15. Lee Y-P, Yu G-H, Seo YS, Han SE, Choi Y-O, Kim D, Mok I-G, Kim WT, Sung S-K (2007) Microarray analysis of apple gene expression engaged in early fruit development. Plant Cell Rep 26(7): 917–926.CrossRefPubMedGoogle Scholar
  16. Mimida N, Kidou SI, Kotoda N (2007) Constitutive expression of two apple (Malus x domestica Borkh.) homolog genes of LIKE HETEROCHROMATIN PROTEIN1 affects flowering time and whole-plant growth in transgenic Arabidopsis. Mol Genet Genomics 2007 Jun 19; [Epub ahead of print].Google Scholar
  17. Newcomb RD, Crowhurst RN, Gleave AP, Rikkerink EHA, Allan AC, Beuning LL, Bowen JH, Gera E, Jamieson KR, Janssen BJ, Laing WA, McCartney S, Nain B, Ross GS, Snowden KC, Soulyere EJF, Walton EF, Yauk Y-K (2006) Analyses of expressed sequence tags from apple. Plant Physiol 141:147–166.CrossRefPubMedGoogle Scholar
  18. Park S, Sugimoto N, Larson MD, Beaudry R, van Nocker S (2006) Identification of genes with potential roles in apple fruit development and biochemistry through large-scale statistical analysis of expressed sequence tags. Plant Physiol 141 811–824.CrossRefPubMedGoogle Scholar
  19. Schwab R, Palatnik JF, Riester M, Schommer C, Schmid M, Weigel D (2005) Specific effects of microRNAs on the plant transcriptome. Dev Cell 8: 517–527.CrossRefPubMedGoogle Scholar
  20. Souleyre EJF, Greenwood DR, Friel EN, Karunairetnam S, Newcomb RD (2005) An alcohol acyl transferase from apple (cv. Royal Gala), MpAAT1, produces esters involved in apple fruit flavour. FEBS J. 272: 3123–3144.CrossRefGoogle Scholar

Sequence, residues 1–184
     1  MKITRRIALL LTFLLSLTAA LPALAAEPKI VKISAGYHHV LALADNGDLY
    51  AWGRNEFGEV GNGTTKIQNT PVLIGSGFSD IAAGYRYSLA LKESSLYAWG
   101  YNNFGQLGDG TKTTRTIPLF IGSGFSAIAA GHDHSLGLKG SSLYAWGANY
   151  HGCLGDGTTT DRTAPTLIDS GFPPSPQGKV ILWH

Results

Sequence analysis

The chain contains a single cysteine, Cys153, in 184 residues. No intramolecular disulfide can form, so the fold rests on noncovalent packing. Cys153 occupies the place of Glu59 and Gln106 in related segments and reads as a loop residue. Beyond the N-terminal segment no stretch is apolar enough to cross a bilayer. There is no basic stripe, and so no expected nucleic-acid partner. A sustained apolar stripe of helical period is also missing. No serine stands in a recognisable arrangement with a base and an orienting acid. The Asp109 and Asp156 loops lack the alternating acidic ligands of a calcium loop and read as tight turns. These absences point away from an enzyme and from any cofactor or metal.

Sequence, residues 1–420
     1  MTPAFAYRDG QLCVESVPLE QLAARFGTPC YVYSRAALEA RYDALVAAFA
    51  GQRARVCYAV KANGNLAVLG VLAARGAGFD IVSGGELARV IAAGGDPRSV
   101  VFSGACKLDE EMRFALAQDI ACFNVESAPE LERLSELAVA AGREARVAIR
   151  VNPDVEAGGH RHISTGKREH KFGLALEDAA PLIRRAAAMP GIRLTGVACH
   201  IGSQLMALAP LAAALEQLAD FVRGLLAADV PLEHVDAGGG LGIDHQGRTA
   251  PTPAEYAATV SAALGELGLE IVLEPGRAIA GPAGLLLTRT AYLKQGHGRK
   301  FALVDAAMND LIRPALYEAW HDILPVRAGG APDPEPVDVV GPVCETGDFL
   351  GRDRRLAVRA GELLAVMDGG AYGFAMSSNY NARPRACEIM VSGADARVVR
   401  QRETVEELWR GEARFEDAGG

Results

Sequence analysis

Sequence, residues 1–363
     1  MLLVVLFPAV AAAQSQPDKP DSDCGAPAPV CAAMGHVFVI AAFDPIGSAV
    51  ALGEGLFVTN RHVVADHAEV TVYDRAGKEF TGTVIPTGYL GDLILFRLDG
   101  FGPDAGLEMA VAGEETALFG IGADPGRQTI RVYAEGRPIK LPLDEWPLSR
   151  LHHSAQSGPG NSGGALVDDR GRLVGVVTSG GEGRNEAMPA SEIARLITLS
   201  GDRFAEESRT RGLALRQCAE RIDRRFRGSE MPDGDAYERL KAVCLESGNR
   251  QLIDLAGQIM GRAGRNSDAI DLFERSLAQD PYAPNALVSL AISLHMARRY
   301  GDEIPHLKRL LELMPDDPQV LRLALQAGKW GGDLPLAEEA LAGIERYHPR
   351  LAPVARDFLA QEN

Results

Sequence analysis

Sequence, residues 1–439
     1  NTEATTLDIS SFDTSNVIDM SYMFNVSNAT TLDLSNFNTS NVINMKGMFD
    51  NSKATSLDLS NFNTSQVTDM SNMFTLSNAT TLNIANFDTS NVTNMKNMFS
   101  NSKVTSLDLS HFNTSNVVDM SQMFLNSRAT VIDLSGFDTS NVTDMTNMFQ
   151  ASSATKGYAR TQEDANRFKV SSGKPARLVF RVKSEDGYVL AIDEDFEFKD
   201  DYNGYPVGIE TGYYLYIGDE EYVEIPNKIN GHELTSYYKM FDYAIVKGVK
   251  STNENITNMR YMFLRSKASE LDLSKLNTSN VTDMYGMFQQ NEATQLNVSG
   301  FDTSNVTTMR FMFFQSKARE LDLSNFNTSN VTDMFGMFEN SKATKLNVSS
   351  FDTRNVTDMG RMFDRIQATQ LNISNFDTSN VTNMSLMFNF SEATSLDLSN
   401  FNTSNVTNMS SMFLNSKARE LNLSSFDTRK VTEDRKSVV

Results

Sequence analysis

21. Smyth GK, Speed T (2003) Normalization of cDNA microarray data. Methods 31: 265–273.CrossRefPubMedGoogle Scholar
  22. Takos AM, Jaffe FW, Jacob SR, Bogs J, Robinson SP, Walker AR (2006) Light-induced expression of a MYB gene regulates anthocyanin biosynthesis in red apples. Plant Physiol 142(3): 1216–1232.CrossRefPubMedGoogle Scholar
  23. Tuskan G, DiFazio S, Jansson S, Bohlmann J, Grigoriev I, Hellsten U, Putnam N, Ralph S, Rombauts S, Salamov A et al. (2006) The genome of black cottonwood, Populus trichocarpa (Torr. & Gray ex Bradshaw) Science 313: 1596–1604.CrossRefPubMedGoogle Scholar
  24. Wada M, Cao QF, Kotoda N, Soejima J, Masuda T (2002) Apple has two orthologues of FLORICAULA/LEAFY involved in flowering. Plant Mol Biol 49(6): 567–577.CrossRefPubMedGoogle Scholar
  25. Zhang BH, Pan XP, Cannon CH, Cobb GP, Anderson TA (2006) Conservation and divergence of plant microRNA genes. Plant J 46: 243–259.CrossRefPubMedGoogle Scholar
  26. Zhang BH, Pan XP, Wang QL, Cobb GP, Anderson TA (2005) Identification and characterisation of new plant microRNAs using EST analysis. Cell Res 15: 336–360.CrossRefPubMedGoogle Scholar

Copyright information

© Springer Science+Business Media, LLC 2009

Authors and Affiliations

  • Andrew C. Allan
    • 1
  • Ross Crowhurst
    • 1
  • Andrew Gleave
    • 1
  • Richard Newcomb
    • 1
  • Robert Schaffer
    • 1
  1. 1.Department of Natural Resources and Environmental SciencesUniversity of IllinoisUrbanaUSA 61801

Personalised recommendations